Son of Heartbleed poses a major new threat to the internet

OptionsBleed is the name of a new major vulnerability which potentially threatens to expose data from servers in a similar sort of way that Heartbleed did a few years back.

If you recall, Heartbleed was the critical bug which made headlines in 2014, a vulnerability in OpenSSL which could be exploited to (relatively) easily pilfer data from a server (including the likes of security keys, usernames and passwords, and other sensitive details).

OptionsBleed is different in that it’s a bug in the Apache Web Server (as opposed to OpenSSL) leveraged by making HTTP OPTIONS requests (hence the name) in order to potentially cause data leakage as Heartbleed did.

The problem was first uncovered by security researcher Hanno Böck, but the good news is it’s far less widespread and serious than Heartbleed was.

As security firm Sophos reports, Böck’s testing found 466 incidents of OptionsBleed leakage from a million web servers, and given that around 40% of those would likely be running Apache, that means the bug was only triggered in 0.12% of vulnerable systems.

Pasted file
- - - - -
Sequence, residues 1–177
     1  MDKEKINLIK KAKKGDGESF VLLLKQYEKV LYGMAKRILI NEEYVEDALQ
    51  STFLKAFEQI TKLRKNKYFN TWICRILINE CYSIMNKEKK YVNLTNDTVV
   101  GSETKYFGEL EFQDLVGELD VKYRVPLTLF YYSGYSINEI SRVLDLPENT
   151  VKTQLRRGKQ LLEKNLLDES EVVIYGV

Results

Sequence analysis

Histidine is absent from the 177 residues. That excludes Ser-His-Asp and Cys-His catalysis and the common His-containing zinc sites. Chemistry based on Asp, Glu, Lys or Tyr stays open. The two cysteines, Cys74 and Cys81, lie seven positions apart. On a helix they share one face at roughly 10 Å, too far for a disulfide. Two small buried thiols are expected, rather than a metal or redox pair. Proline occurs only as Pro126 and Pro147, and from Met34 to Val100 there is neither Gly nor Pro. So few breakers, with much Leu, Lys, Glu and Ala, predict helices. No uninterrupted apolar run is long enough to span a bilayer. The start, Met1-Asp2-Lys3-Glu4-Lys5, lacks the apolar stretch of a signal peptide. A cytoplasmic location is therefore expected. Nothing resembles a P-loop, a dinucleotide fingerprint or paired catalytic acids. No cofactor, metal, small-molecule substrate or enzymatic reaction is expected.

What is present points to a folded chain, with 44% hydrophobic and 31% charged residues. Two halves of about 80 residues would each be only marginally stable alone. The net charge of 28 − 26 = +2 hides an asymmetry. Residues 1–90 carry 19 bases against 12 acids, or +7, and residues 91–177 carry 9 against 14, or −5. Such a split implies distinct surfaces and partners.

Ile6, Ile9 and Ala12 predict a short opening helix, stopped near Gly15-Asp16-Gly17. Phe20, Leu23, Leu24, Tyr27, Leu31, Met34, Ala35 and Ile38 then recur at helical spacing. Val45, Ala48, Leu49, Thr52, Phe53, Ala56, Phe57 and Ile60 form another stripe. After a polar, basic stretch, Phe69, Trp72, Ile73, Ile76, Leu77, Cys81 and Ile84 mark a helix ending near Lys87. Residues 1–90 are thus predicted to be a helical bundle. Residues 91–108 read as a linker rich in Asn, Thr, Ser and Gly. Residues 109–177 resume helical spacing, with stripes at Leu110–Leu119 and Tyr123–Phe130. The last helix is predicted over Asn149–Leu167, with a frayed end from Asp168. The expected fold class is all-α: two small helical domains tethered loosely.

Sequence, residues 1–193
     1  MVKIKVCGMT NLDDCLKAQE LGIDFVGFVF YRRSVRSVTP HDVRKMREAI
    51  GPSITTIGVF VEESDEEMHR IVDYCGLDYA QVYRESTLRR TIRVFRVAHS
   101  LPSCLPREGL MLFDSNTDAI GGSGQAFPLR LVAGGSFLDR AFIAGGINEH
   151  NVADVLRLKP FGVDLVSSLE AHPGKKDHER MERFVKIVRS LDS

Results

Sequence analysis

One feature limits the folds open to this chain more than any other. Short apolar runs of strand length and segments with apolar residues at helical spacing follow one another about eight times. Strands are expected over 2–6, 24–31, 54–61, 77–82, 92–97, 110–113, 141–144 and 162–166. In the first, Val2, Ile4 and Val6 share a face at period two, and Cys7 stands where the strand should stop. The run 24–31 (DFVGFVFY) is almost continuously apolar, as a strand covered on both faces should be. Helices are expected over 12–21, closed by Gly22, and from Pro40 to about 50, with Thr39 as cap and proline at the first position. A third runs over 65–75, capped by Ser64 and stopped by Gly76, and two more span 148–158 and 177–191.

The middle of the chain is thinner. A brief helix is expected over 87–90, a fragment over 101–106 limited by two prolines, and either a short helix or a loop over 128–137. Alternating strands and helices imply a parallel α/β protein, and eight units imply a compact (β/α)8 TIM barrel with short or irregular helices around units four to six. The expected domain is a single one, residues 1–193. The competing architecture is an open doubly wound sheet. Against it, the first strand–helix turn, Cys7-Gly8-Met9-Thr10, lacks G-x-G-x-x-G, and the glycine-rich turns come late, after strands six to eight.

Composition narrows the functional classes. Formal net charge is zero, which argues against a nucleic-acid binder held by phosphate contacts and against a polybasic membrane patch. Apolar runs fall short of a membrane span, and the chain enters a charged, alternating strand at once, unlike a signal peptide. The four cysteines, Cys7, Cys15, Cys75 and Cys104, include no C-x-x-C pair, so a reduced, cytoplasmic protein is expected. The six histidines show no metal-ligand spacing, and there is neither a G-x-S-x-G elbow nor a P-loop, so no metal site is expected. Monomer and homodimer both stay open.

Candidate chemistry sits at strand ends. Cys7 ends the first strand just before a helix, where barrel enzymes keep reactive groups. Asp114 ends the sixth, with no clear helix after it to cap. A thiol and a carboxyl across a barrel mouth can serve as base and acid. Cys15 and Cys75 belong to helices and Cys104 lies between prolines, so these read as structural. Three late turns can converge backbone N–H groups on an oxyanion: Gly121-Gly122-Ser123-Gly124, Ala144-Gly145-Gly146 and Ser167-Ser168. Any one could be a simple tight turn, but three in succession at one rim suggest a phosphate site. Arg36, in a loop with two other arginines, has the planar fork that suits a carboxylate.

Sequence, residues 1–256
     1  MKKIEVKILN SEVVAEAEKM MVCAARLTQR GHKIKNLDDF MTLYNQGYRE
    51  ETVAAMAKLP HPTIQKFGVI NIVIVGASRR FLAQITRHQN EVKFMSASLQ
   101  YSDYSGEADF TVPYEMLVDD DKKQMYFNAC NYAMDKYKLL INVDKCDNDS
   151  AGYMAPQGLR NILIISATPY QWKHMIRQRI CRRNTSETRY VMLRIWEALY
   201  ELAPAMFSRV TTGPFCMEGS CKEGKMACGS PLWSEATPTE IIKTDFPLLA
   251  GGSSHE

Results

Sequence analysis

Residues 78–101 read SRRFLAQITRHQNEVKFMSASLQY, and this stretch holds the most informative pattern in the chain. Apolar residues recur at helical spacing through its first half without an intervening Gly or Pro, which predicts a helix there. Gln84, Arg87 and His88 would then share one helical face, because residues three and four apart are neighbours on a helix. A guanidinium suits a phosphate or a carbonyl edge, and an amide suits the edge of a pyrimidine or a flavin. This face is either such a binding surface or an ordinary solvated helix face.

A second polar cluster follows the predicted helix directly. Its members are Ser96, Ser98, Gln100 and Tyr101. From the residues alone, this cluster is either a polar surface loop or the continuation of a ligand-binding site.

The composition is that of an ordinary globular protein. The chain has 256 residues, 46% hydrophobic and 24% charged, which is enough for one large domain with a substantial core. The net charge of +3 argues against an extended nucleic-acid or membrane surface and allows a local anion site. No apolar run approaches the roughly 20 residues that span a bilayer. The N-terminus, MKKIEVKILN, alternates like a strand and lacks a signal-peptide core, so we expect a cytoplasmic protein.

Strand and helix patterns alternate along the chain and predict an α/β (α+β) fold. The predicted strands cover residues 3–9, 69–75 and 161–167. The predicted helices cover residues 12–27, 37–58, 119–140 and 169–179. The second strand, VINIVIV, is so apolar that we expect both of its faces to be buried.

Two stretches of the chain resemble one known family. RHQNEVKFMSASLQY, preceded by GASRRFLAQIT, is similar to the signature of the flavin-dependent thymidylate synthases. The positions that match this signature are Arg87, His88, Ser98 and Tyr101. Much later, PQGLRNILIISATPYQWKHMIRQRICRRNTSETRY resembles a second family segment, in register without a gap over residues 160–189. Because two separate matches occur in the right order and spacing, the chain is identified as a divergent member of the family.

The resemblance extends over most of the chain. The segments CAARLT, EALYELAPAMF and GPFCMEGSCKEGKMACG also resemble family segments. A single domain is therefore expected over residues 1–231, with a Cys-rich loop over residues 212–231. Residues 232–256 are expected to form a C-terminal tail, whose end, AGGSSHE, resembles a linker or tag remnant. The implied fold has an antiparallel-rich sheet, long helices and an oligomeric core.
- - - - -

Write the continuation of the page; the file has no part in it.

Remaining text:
Deliberate provocation

Still, we shouldn’t underestimate the potential havoc that OptionsBleed could wreak, particularly now that knowledge of it has become widespread.

As Sophos observes: “It’s important to remember that on a server that’s hosting many different domains for many virtual hosts in many different directory trees, one malevolent customer could provoke this bug by deliberately setting an invalid option in their own .htaccess, and then repeatedly visiting one of their own URLs to see what data might leak out.”

A patch for the vulnerability is available from the Apache source code servers, but we’ve heard no official word from Apache on this matter yet, and it’s uncertain whether this fix is the best route to take – as you’ll need to apply the patch manually. Hopefully we’ll get an official security update from Apache before long.

Darren is a freelancer writing news and features for TechRadar (and occasionally T3) across a broad range of computing topics including CPUs, GPUs, various other hardware, VPNs, antivirus and more. He has written about tech for the best part of three decades, and writes books in his spare time (his debut novel - 'I Know What You Did Last Supper' - was published by Hachette UK in 2013).